The Texas Book Festival: An indie author’s report

anna as francis3Anna Castle

Author of the B.R.A.G.Medallion Honoree Murder By Misrule (The Francis Bacon Mystery Series), shares here experinces at the Texas Book Festival

Two Texas chapters of Sisters in Crime teamed up this October to host a booth at the Texas Book Festival on the State Capitol Grounds in Austin. Eight authors participated — Traci Andrighetti, Alexandra Burt, Martha Carr, Anna Castle, N.M. (Noreen) Cedeño, Janet Christian, Helen Currie Foster, and Melissa Lenhardt — a mix of indies and traditionally published. We took turns staffing the booth in two-hour shifts, but displayed our collective works throughout the weekend. The weather was gorgeous, the turnout was terrific, and we all had a great time.

The book festival was first launched by Laura Bush in 1995. It has become one of the major literary events in the country, showcasing some 250 authors and attracting 40,000 book lovers. Most of them come for the fun of strolling around the capitol grounds enjoying street food, cooking demonstrations, live music, jugglers, the children’s story tent, and presentations by a wide range of authors. The streets are lined with big tents sheltering booths offering books for sale, alongside nearly every book-related organization in the state.

We wanted Sisters in Crime to be represented, so we got a grant from the national organization to pay the $300 fee for the booth. We hoped to sell a few books, attract members to our chapters, and have a good time. We succeeded fabulously on the last two goals and modestly on the first. TBF is not a great venue for sales. People typically come to browse and learn, not to buy.

Even so, we did fairly well. I sold 20 books, a respectable number for TBF and a personal record. I was there all weekend wearing Elizabethan garb, which helped. More people stopped at our booth than our neighbors, probably because ours was colorful and staffed by smiling women calling, “Do you like to read mysteries?” to everyone who passed. Those who stopped to chat were most likely to buy a book from one of the authors currently in the booth.

That’s the first lesson: make an eye-catching presentation and flag people down. Some of the booths near us were staffed by people who sat behind their tables all weekend, watching people walk by, waiting for them to stop of their own volition. They usually didn’t.

We gave away lots of bookmarks and brochures; that’s the second lesson. Have something free to hand people, so they can talk to you without feeling embarrassed if they don’t buy a book. Bookmarks are potential future sales. I checked my KDP reports that night and saw that my KENP graph had leapt skyward. (This is the number of pages read by people checking books out through the Kindle Unlimited Lending Library.) I also sold a few digital books that day. I’m just getting started with promotion, so my sales are normally pretty paltry. I credit those sales to the festival, the garb, and my gorgeous covers.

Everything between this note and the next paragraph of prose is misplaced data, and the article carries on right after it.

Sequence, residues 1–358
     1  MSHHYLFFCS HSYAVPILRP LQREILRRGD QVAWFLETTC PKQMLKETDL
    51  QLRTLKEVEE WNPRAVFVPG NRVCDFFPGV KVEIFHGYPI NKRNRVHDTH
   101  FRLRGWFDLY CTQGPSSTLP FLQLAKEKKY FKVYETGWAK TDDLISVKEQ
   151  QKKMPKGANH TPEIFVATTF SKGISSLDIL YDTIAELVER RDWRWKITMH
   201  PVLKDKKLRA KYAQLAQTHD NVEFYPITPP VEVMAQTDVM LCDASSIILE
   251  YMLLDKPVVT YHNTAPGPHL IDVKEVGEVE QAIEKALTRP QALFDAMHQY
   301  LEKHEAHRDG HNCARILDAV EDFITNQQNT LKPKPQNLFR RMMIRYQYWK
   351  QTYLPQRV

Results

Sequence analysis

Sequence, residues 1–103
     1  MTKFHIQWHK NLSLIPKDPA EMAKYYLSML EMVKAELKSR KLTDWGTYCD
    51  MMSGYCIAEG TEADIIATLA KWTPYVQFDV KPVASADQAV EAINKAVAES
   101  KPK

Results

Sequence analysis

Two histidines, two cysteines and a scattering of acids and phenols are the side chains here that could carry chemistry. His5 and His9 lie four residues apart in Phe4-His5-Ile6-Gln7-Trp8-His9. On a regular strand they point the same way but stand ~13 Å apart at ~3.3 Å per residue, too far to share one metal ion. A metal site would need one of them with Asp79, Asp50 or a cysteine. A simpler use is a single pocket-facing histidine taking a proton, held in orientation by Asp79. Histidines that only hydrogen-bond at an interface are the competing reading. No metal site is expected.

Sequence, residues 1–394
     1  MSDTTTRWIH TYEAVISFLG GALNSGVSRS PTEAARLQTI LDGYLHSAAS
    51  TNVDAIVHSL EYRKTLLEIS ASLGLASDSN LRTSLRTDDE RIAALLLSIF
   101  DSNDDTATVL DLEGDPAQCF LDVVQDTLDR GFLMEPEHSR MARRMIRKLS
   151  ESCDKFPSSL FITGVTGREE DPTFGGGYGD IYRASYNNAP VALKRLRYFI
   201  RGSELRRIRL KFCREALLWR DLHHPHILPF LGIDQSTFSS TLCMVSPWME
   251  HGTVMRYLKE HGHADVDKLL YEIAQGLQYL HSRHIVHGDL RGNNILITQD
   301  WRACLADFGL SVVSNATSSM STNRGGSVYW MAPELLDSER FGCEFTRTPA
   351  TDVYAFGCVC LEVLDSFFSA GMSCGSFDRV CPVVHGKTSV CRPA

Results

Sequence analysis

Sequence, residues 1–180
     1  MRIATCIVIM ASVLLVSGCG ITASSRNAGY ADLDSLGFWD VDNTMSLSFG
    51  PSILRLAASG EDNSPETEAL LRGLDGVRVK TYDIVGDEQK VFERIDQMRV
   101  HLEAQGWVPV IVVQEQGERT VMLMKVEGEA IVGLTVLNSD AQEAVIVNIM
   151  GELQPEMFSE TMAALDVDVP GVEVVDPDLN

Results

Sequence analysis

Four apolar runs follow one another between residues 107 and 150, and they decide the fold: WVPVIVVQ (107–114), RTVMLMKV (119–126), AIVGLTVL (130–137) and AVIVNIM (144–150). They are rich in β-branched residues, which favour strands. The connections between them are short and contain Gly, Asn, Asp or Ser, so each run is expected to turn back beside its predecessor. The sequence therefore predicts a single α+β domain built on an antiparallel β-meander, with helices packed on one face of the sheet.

Sisters in Crime

All of our books were on sale all of the time, making a very handsome display. We had good range of genres, from cozies to thrillers, historical to near-future. The variety was appealing in itself. We kept the financial part simple, charging $10 for the paperbacks and $20 for the hardback. We accepted only cash or checks, which we slid into a manila envelope for each author, marking the title sold on the front. Easy-peasy, and that’s the third lesson.

Everyone sold at least a few books and we got to talk to readers about our work, which helps develop our standings as local authors. We learned what we need to set up a booth (colorful banners fore and aft, manila envelopes, pens, bookmark holders, book stands, and lots of water) and how easy it is to hang out at the fair with a few pals all weekend. It would not be fun by yourself. One of our gang, Martha Carr, has been hand-selling her books for a long time. She said crafts fairs and church bazaars were much better in terms of sales, because people come to those events ready to shop. They also cost much less, but the holiday season is already underway for this year.

Now that we know how to do it, we’re going to take our show on the road. Watch out! We may come to your town one of these days.

 

5 responses to “The Texas Book Festival: An indie author’s report”

  1. Plum McCauley says:

    This was a nice, uplifting post. I think this description of your experience was terrific–and true. You can’t just sit there behind a table of your books. At book fairs, you have to put your sales hat on. You HAVE to. Your books won’t sell otherwise. And when you start selling a few copies, it becomes easier. I think twenty sales in a day at a festival is extremely good, too. Good for you!

  2. Amber Foxx says:

    Thanks for sharing this, Anna. Great outfit. It sounds like the most enjoyable way possible to sell books. I’ll be looking for book festivals and other events. Talking to strangers is–for me–so much more natural than marketing online.

  3. PA De Voe says:

    Great pointers for the rest of us. Thanks! And–by the way–I love your costume, Anna, beautifully done!

  4. Anna Castle says:

    Thank you all! Luckily, a couple of gals in the group were very comfortable hailing down the passersby and the rest of us learned from them. Another good reason to go with a group! Now we need to find more of these things in our area for 2016.

  5. Geri says:

    Not only is it a great way to sell books, it seems to be so much more fun that going it alone!

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